Non-planners that fall in love with planners have to be patient with us-- a genuine planner is not one that is trying to control you or get you forfeit your way of being.  It's just that we are wired completely differently-- the plans give us some predictability, and that is what we really crave.  The chaos is scary.  So those that are a bit more laid back need to teach us not to fear the unpredictable--  and if you choose your words wisely and act in a consistent manner, it is your reassuring presence over time that will win over the planner.

So, not only do I think planners and non-planners can date, they should date-- and together they can learn a lot from one another.  It is simply about meeting half-way in these cases; I have seen it done, and I think that if you appreciate each others' strengths, you will be just fine.

Friday, April 27, 2012

Normalizing The Divorce Process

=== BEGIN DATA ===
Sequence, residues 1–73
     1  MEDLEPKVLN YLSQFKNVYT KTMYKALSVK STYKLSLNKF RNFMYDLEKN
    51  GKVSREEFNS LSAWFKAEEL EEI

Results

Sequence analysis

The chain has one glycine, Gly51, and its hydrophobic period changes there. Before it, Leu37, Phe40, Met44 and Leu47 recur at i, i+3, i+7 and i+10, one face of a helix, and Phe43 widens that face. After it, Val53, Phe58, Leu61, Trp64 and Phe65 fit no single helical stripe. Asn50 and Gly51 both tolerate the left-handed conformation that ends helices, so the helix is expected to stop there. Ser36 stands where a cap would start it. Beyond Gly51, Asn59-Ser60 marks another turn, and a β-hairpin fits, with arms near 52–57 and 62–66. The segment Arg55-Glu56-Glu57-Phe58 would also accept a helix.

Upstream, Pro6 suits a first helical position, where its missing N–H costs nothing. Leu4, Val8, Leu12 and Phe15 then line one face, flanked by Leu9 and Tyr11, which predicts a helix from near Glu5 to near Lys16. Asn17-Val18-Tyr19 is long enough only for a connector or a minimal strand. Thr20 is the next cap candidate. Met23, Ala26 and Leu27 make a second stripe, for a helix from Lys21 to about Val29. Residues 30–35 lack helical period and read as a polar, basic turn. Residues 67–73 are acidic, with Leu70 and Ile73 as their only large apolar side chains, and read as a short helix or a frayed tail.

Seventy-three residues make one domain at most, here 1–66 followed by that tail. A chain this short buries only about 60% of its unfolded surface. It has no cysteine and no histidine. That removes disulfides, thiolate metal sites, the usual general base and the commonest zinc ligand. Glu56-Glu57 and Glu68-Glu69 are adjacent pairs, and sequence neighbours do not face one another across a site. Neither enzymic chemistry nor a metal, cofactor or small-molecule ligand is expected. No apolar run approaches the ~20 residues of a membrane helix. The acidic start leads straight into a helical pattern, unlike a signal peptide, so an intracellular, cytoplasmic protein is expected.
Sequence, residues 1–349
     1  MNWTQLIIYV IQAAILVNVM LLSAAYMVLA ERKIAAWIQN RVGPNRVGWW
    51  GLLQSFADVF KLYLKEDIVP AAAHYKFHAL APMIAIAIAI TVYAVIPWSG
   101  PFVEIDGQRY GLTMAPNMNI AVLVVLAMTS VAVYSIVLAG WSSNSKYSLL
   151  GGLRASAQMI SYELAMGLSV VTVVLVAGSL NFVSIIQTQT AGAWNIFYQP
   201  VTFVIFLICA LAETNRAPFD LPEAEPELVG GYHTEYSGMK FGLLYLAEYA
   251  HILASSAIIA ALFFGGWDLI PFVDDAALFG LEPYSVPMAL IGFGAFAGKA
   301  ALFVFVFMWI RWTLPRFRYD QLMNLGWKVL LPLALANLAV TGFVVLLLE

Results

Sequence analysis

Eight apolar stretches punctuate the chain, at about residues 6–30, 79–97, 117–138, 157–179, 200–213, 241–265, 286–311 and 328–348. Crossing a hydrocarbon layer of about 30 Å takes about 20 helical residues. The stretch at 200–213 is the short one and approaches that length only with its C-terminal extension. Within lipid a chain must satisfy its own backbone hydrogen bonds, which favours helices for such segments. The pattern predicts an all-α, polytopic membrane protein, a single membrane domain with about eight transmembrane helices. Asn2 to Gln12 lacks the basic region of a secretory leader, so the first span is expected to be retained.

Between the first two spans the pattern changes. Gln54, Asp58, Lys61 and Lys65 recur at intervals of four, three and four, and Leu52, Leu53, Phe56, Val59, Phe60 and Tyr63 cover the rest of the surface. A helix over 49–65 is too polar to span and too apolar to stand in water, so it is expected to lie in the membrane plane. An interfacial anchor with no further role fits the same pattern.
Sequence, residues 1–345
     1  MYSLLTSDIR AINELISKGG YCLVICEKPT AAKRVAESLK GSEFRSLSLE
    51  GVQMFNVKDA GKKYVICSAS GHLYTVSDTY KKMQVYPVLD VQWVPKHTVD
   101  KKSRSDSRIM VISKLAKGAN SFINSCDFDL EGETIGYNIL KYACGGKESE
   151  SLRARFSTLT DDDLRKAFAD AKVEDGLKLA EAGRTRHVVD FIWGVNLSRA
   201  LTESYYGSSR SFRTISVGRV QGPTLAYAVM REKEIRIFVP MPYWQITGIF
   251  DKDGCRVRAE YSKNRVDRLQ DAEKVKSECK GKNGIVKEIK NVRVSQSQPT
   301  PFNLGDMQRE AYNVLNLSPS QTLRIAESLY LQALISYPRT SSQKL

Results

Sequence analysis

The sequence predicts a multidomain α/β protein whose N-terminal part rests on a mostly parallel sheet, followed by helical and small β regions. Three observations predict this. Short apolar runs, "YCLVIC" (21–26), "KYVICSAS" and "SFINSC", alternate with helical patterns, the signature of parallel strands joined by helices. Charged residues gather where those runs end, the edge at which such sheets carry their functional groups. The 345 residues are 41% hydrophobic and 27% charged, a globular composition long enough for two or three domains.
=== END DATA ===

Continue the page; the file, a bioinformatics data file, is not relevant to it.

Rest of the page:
Sadly, it is my own experience with divorce that has helped me understand the emotional side of what my clients are going through, and I try to share some stories with them to make sure they realize what they are going through is actualy quite normal. The fact is, if I am allowed to do my job properly, the legal aspects of the divorce can be dealt with quite quickly-- we just gather up all the relevant information, generate options for a solution, and try to reach an amicable settlement that everyone can live with, preferrably without resorting to court except for an uncontested hearing. Picking the right attorney to perform this amputation in your life is the key to coming out with a nice clean cut that can heal quickly versus going to a butcher that will leave you scarred for life. The emotions I see cover a whole spectrum-- some are in complete denial, or so detached that they are void of any emotion. Some are incredibly immersed in sadness or anger. Many are anxious, mainly because there is a complete loss of control in the beginning of the process. Separations raise a lot of fears: fear of the unknown; fear of being alone; fear of being poor; fear of losing your identity. It is such a scary time for people, which is why they need to find an attorney they can trust, who is not going to try and rape and pillage the family while encouraging a "War of the Roses" scenario. Knowing your rights and obligations is the first step to reducing some of the fear of the unknown. Coming up with a plan also tends to reduce stress. Understanding what kind of budget you have to work with and setting realistic expectations of what kind of process you can afford is critical to a successful outcome. Don't let the fees get out of control-- don't ask for services outside your budget. Know that every call, email, letter, court appearance and meeting is going to be charged-- attorneys are service providers, and we charge for our time. As a result, you have a huge incentive to not drag things out, to try to be reasonable in your proposals, and to let us wrap things up quickly for you-- but that is separate from dealing with the emotional divorce. To be honest, it took me years to recover from the disappointment of a failed marriage. There is probably no greater public admission of defeat, and many do not take it well. Also, towards the end of a marriage, it is quite common for there to be a complete lack of intimacy, and this can leave you feeling quite empty and wondering if anyone else will ever find you interesting again. So my non-legal advice is this: after you have wrapped up your legal affairs, go have some fun. Enjoy going on dates and racking up compliments. Buy some fun lingerie, travel and let people put you up on a pedestal. You need to feed your ego for a bit-- it is a normal and necessary part of the healing process. Don't let others pass judgment-- do what you need to do to rebuild your self-esteem. Unless you are a public official or nun, who cares what you do when you are not on duty as a mom or dad? As long as you don't break the law, mislead or intentionally harm others in the process, get out there and find fun ways to get over a divorce hangover. :)